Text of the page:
The cod you buy may come from the Atlantic Ocean or the Pacific Ocean. Both types are similar enough that one can replace the other, but Pacific cod provide larger, thicker fillets. Cod is a good source of heart-healthy omega-3 fatty acids and is especially rich in lean protein and vitamin B-12. On the downside, some types of cod contain high amounts of sodium, and it’s a moderate source of mercury.
Fish Oil for Your Heart
The American Heart Association recommends eating fish twice a week for its omega-3 fatty acids. These essential fatty acids -- eicosapentaenoic acid, or EPA, and docosahexaenoic acid, or DHA -- are found in fish oil. EPA and DHA lower levels of cholesterol and triglycerides in your bloodstream, according to Colorado State University. Fatty fish such as salmon and tuna have significantly more omega-3, but cod still makes a good choice. A 3-ounce serving of Pacific cod has 0.14 grams of combined EPA and DHA, which is 13 percent of women’s and 9 percent of men’s recommended daily intake.
Rich Source of Lean Protein
Cod gives you a good option for lean protein. A 3-ounce serving of Pacific cod is low in total fat and only has 72 calories. This portion supplies 15.9 grams of quality protein, which gives women 35 percent of their recommended daily allowance. Men need more protein, so they get 28 percent of their RDA. If absolutely necessary, your body can convert protein into energy, but it prefers to use it to fill other life-sustaining jobs, such as building and maintaining muscles, skin, bones, enzymes and hormones.
Vitamin B-12 for Normal Nerves
Vitamin B-12 helps turn the macronutrients you eat into energy, and it’s vital for keeping nerves working properly. It may contribute to a healthy cardiovascular system because it lowers levels of homocysteine in your bloodstream. Homocysteine is an amino acid used to make other essential substances, but when the amount in your blood gets high, it can damage your arteries and increase the risk of blood clots, according to FamilyDoctor.org. You only need 2.4 micrograms of vitamin B-12 in your daily diet. Three ounces of Pacific cod contain 1.96 micrograms, or 82 percent of your RDA.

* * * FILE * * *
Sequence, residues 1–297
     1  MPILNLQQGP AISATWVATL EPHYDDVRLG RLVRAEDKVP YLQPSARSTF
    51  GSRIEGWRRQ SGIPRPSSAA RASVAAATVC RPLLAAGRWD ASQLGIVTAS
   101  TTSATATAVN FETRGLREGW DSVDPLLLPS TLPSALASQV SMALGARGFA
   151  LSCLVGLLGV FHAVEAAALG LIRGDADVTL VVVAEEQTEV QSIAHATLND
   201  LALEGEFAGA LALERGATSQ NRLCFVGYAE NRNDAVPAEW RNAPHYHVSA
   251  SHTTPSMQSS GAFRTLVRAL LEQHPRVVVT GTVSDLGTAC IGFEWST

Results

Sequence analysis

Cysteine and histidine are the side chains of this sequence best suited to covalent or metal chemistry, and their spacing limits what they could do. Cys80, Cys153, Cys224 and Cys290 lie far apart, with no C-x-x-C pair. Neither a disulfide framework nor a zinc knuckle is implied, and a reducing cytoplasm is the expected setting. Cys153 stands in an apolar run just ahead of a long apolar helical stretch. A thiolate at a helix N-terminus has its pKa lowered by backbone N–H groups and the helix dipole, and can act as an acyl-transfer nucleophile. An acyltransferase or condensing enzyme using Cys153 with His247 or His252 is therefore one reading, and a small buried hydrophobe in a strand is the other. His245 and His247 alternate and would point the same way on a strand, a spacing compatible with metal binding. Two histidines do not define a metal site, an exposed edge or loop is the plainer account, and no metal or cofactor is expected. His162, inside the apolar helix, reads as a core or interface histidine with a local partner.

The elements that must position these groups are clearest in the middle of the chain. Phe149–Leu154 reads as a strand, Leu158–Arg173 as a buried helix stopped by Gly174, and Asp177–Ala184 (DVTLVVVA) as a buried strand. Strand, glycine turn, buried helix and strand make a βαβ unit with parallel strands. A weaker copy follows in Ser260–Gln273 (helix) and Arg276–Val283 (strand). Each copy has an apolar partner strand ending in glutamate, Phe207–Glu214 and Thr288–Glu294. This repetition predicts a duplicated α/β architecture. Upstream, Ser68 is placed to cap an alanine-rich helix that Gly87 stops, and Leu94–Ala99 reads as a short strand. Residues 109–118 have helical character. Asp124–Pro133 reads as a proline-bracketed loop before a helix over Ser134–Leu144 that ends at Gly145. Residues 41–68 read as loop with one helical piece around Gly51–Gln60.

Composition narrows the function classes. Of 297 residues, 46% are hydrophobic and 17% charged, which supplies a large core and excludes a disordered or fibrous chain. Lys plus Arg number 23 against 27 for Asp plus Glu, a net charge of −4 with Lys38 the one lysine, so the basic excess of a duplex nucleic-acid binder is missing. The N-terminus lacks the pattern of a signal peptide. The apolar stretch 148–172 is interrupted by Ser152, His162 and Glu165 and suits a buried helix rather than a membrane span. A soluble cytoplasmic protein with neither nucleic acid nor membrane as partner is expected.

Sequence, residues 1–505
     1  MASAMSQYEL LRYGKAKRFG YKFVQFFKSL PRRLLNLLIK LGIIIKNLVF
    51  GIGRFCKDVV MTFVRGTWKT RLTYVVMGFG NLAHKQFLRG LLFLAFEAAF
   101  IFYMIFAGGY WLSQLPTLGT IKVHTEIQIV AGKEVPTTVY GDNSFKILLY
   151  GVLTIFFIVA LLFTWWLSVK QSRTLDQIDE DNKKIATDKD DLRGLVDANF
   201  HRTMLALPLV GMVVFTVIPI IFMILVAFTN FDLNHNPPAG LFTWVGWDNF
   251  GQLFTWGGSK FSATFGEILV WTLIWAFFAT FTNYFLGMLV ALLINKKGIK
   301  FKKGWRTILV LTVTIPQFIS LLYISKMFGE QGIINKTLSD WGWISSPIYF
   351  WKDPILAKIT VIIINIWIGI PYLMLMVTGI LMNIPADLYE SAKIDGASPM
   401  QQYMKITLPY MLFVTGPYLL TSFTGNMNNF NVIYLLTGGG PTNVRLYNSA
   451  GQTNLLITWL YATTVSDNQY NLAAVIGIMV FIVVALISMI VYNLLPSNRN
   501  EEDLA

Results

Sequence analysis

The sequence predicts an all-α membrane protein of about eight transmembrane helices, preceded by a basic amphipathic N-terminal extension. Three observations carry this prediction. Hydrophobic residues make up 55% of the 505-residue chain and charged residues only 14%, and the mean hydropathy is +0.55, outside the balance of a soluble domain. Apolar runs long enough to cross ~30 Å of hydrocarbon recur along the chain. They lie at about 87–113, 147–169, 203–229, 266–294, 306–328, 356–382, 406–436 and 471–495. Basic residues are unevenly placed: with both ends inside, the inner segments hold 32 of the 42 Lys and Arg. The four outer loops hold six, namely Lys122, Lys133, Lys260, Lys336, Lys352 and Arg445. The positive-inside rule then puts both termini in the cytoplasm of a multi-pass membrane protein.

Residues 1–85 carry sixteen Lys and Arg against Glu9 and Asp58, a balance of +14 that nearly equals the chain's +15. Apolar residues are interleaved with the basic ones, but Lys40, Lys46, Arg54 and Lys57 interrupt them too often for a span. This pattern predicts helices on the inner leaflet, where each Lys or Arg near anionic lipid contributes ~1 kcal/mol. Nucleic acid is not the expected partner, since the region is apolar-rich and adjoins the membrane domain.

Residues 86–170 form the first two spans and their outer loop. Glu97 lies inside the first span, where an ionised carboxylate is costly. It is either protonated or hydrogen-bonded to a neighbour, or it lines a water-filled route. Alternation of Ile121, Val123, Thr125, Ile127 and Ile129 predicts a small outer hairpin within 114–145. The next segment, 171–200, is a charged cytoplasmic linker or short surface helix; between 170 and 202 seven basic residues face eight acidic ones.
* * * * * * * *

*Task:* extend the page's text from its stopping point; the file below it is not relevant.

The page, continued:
Variable Sodium Warning
Cod is sometimes treated with a salt solution. Any type of cod may be treated, but it’s often used when the fish is frozen because the salt solution prevents excessive moisture loss when it's thawed. Untreated Pacific cod has about 77 milligrams of sodium in a 3-ounce serving. When it’s treated, the same portion has 316 milligrams of sodium. The two amounts represent the difference between 5 percent and 21 percent of your recommended daily intake of sodium. Check the label on the cod you buy to be sure you don’t consume too much sodium.
Beware Moderate Mercury
The Natural Resources Defense Council rates cod as a moderate source of mercury. Because mercury interferes with neurological development, young children, women who are pregnant or may become pregnant and women who are nursing must be careful about the amount of mercury they consume. They should limit the amount of cod they eat to no more than six servings a month.
- American Heart Association: Fish 101
- Colorado State University Extension: Omega-3 Fatty Acids
- Institute of Medicine: Dietary Reference Intakes (DRIs): Recommended Dietary Allowances and Adequate Intakes, Total Water and Macronutrients
- University of North Dakota: Protein
- Office of Dietary Supplements: Vitamin B12
- FamilyDoctor.org: Coronary Artery Disease: High Homocysteine Level: How It Affects Your Blood Vessels
- University of Missouri Extension: Quality for Keeps: Freezing Meat, Poultry, Fish, Eggs and Dairy Products
- Natural Resources Defense Council: Mercury Contamination in Fish
- USDA Nutrient Database for Standard Reference: Fish, Cod, Pacific, Cooked, Dry Heat
- National Oceanic and Atmospheric Administration - FishWatch: Atlantic Cod